Swaziland. Democratic activists in January urged the
Coca-Cola Company to withdraw its support for the
authoritarian king Mswati's regime. Some data claimed that
Coca-Cola accounted for 40% of Swaziland's state income.
countryaah, Swaziland was in a difficult financial crisis, but the
government refused to accept South Africa's loan offer
because it was conditional on demands for political and
The crisis hit the health services hard. State hospitals
ran the risk of ending braking medication against HIV.
Swaziland has one of the worst HIV epidemics in the world.
Of the 1.2 million residents, about 230,000 are infected
When the budget was published, it turned out that the
royal family and the military received increased funding,
while major investments in the health and social sector
failed. Over 60% of the people were estimated to live in
poverty, while the king with his 13 wives was believed to
have a wealth of over $ 100 million. In addition, during the
year, the king received a private jet, according to himself
by an anonymous sponsor, but according to the opposition
paid with tax money.
The government planned a censorship law that would ban
users of Twitter and Facebook from criticizing the king.
Although Internet use is limited in Swaziland, Facebook and
Twitter have been used to organize protests.
A protracted conflict between mobile operator MTN
Swaziland and state-owned post and telecom company SPTC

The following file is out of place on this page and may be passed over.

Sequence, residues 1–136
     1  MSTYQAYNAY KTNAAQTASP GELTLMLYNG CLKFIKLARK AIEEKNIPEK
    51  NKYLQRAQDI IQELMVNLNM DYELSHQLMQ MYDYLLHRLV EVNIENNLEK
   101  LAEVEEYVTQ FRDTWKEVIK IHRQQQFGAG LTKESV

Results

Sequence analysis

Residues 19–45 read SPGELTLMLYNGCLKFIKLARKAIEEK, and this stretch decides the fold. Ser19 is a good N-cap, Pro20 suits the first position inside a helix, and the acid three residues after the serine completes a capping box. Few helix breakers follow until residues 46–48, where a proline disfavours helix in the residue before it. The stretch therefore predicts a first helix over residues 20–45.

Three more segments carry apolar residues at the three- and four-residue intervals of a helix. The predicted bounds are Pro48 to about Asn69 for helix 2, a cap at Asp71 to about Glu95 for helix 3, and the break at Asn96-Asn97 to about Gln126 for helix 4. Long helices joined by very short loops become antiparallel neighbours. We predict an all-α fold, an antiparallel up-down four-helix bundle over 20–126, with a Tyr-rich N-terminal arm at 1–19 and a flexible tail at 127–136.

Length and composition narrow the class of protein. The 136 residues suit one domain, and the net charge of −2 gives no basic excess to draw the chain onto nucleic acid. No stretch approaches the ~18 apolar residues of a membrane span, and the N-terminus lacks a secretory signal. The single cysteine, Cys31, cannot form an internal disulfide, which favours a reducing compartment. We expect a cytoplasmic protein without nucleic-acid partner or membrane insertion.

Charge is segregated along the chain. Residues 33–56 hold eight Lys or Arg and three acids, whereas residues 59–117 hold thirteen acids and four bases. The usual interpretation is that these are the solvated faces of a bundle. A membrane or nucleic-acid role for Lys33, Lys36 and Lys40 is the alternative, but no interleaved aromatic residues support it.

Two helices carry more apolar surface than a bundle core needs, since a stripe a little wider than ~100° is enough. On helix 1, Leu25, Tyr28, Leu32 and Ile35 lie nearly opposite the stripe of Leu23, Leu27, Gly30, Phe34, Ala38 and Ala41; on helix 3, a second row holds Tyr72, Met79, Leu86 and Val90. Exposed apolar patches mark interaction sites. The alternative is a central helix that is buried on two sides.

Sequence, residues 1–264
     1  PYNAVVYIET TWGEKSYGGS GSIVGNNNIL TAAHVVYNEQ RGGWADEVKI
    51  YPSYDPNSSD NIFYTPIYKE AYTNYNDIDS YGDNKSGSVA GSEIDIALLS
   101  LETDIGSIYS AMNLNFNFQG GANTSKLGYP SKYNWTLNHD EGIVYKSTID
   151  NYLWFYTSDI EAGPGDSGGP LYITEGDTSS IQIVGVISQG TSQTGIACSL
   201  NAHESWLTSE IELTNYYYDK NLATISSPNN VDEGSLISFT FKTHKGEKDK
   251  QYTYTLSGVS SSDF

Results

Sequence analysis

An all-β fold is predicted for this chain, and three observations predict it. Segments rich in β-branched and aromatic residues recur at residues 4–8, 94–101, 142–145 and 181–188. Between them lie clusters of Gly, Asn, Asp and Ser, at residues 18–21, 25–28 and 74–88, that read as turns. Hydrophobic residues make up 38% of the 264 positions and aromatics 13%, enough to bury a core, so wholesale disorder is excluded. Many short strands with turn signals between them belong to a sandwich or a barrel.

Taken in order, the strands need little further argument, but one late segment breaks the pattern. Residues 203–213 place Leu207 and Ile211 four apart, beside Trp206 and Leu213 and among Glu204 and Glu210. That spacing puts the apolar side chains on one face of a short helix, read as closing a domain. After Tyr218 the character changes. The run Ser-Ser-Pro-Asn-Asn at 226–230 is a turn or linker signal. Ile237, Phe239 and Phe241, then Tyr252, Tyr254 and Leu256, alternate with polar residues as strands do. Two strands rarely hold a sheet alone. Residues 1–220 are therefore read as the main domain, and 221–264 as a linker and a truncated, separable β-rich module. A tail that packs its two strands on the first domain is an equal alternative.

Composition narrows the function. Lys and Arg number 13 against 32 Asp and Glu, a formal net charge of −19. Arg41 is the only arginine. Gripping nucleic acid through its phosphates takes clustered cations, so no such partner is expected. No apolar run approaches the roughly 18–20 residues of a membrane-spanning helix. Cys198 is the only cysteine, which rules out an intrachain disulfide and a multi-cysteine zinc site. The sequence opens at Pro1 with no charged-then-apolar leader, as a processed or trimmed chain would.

reached its peak in October with a constitutional crisis.
MTN, which had its king and prime minister among its
shareholders, had won a legal battle against SPTC for
monopoly in part of the telecommunications market, and then
the authorities closed SPTC's service.
Parliament, which urged the government not to shut down
the service, voted through a vote of no confidence.
According to the constitution, the prime minister would
resign after three days, otherwise the king must dismiss
him. But both failed to vote. Demands for the government's
resignation grew, but after a couple of weeks Parliament
completely reversed and resumed its confidence vote.
Pressures from the king were considered to be behind.
In November, Ellinah Wamukoya was named Africa's first
female bishop in the Anglican Church. She was consecrated
within the South African Church but she will serve in the
Church of the Conservative Swaziland.